‘Unfrosted’ Review: Jerry Seinfeld’s Netflix Comedy Takes the Art Out of Pop-Tarts

Melissa McCarthy and Amy Schumer co-star in a flavorless product placement spoof

Jerry Seinfeld makes his directorial debut in "Unfrosted"
Jerry Seinfeld makes his directorial debut in "Unfrosted" (CREDIT: Netflix)

Jerry Seinfeld’s new comedy “Unfrosted” is an impressive film. It’s not a good film, and it’s not a funny film, but if you watch the first three hours on Netflix and then pause it, you’ll find that somehow only one hour has passed. And that is pretty impressive, in a boring way.

“Unfrosted” stars Seinfeld, who also directed and co-wrote the screenplay, as Bob Cabana, a fictional executive at the Kellogg Company in the 1960s. Kellogg’s biggest breakfast cereal competitor, Post, is about to crack the formula on a game-changing hot toaster treat and it’s up to Cabana and his associate, Donna Stankowski (Melissa McCarthy), to beat them to the punch and invent the “Pop Tart.”

The competition escalates quickly. The dairy industry threatens Cabana with violence for cutting milk out of American breakfasts. Marjorie Post (Amy Schumer) makes a deal with Nikita Khrushchev (Dean Norris) to import sugar from Russia, which kicks off the Cuban Missile Crisis. Meanwhile, Kellogg’s hires an all-star team of “Taste Pilots,” including Chef Boy Ardee (Bobby Moynihan), Jack Lalanne (James Marsden) and Sea Monkeys creator Harold von Braunhut (Thomas Lennon), whose real-life connections to white supremacist groups are equated here to America enlisting Nazi scientists in Operation Paper Clip.

That right there might have been a scathing piece of satire if “Unfrosted” had any bite to it. Instead the script just gives von Braunhut a subplot about making a Sea Monkey/Ravioli creature which has nothing to do with anything, isn’t amusing, and just pads the time. (John Harvey Kellogg’s well-documented history with eugenics also goes conspicuously unmentioned.)

“Unfrosted” is the latest in an increasingly long line of films that mythologize corporate products, like “Tetris” and “Air” and “Flamin’ Hot.” It’s a self-serious and often condescending subgenre that’s ripe for parody. Jerry Seinfeld doesn’t seem to think this type of story is worth telling, and unfortunately the movie he’s made proves his point. There are a lot of hackneyed clichés and tacky melodrama at the heart of most these films but while “Unfrosted” clearly conveys that the origin of the Pop-Tart is a ridiculous concept, it doesn’t convey why, and that leaves its comedy toothless and un-filling.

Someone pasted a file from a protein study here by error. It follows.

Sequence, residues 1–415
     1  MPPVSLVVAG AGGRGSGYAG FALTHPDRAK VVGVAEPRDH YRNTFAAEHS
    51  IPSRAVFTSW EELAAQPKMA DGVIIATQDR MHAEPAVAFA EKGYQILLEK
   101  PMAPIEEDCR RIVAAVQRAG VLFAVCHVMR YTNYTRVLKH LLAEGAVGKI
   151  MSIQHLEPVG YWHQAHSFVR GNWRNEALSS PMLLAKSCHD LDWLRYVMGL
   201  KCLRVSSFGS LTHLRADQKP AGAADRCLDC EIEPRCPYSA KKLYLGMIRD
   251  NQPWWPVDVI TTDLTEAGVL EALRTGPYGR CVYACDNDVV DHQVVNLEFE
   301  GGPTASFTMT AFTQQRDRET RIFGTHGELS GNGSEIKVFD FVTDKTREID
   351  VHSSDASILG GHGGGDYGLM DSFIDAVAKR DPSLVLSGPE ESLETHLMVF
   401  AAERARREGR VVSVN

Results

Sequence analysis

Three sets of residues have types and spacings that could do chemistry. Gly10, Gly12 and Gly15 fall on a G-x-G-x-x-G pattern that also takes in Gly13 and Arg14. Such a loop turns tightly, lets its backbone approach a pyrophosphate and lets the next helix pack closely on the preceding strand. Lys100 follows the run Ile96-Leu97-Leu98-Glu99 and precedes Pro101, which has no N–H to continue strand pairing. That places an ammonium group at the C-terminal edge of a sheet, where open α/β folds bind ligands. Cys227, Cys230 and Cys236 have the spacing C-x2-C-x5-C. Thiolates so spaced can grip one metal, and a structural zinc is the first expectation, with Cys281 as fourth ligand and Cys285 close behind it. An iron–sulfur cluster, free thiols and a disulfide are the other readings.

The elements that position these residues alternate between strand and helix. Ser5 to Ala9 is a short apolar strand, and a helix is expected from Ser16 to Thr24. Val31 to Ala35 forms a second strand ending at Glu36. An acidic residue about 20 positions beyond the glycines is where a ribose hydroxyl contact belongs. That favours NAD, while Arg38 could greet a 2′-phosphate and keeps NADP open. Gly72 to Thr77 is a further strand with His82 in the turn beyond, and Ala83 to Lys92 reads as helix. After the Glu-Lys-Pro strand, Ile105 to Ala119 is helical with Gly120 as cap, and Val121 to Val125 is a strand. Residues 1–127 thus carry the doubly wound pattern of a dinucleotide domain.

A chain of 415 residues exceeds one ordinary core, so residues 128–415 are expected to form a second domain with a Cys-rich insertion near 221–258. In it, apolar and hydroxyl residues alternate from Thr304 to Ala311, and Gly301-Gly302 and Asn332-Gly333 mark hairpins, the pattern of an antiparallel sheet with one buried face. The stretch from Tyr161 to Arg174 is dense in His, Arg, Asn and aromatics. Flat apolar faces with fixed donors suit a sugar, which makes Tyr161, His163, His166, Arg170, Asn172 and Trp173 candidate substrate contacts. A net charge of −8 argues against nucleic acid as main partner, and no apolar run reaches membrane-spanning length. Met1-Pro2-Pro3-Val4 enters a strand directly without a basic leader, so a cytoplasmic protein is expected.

If you thought Jerry Seinfeld’s funniest moments were in his American Express ads, then “Unfrosted” is the film for you. The detached and generic jokes all play out with a bright, rhythmless conformity. There’s a non-stop cavalcade of celebrity cameos which aren’t funny because for the most part, the whole joke is that they’re celebrity cameos. The humor is thuddingly blunt and the punchlines constantly call attention to themselves, which robs them of their punch. There’s a scene where Jerry Seinfeld’s bathrobe is accidentally blown off but apparently the gag wasn’t obvious enough so there’s also a reaction shot from a plastic squirrel. Please laugh.

Still, you can’t make a movie with this many talented comedians and this many jokes without at least some of them working. There’s a funeral scene where the grave is filled with cereal and milk while Toucan Sam sings “Ave Maria,” and that’s weird enough to earn a chuckle. Hugh Grant has the film’s only consistently funny subplot as Thurl Ravenscroft, the real-life voice of Tony the Tiger and one of the great voice actors of his generation. He rallies his fellow mascots to boycott Kellogg’s but even that gets derailed when Seinfeld decides to equate the SAG and WGA strikes with the Jan. 6 insurrection attempt, which is a huge stretch and doesn’t seem to have any real comment behind it. It falls almost as flat as the sight gag that reminds you of the Challenger explosion.

It’s hard to get mad at a movie as insipid as “Unfrosted,” but “Unfrosted” makes it possible. It’s a few funny jokes sprinkled across a giant, flavorless crust. It’s a spoof that doesn’t give a damn about what it’s spoofing. It just doesn’t pop.

“Unfrosted” is streaming exclusively on Netflix on May 3.


3 responses to “‘Unfrosted’ Review: Jerry Seinfeld’s Netflix Comedy Takes the Art Out of Pop-Tarts”

  1. bobbobberts Avatar

    Bang on review.   I thought this movie was boring and unfunny, as you say: “thuddingly blunt and the punchlines constantly call attention to themselves, which robs them of their punch.”   But, it’s also deeply smug and self-satisfied, trying to pull off that cynical middle brow comedy trick of “making a joke seem clever enough for the audience to get it, so they think they’re clever too.”  And then stacking those bits repeatedly nonstop hoping to get a laugh.  It get it.  But I didn’t laugh.  In the words of a better parody: it’s such a fine line between stupid and clever.  This movie was just stupid.   

  2. Hanover Fist Avatar
    Hanover Fist

    With gags about wet vag and cocaine, the flick still flopped.

    1. Pierre Brodeur Avatar
      Pierre Brodeur

      I have to agree with you. Most of the jokes fell way flat. And I love both yayo and vagine.

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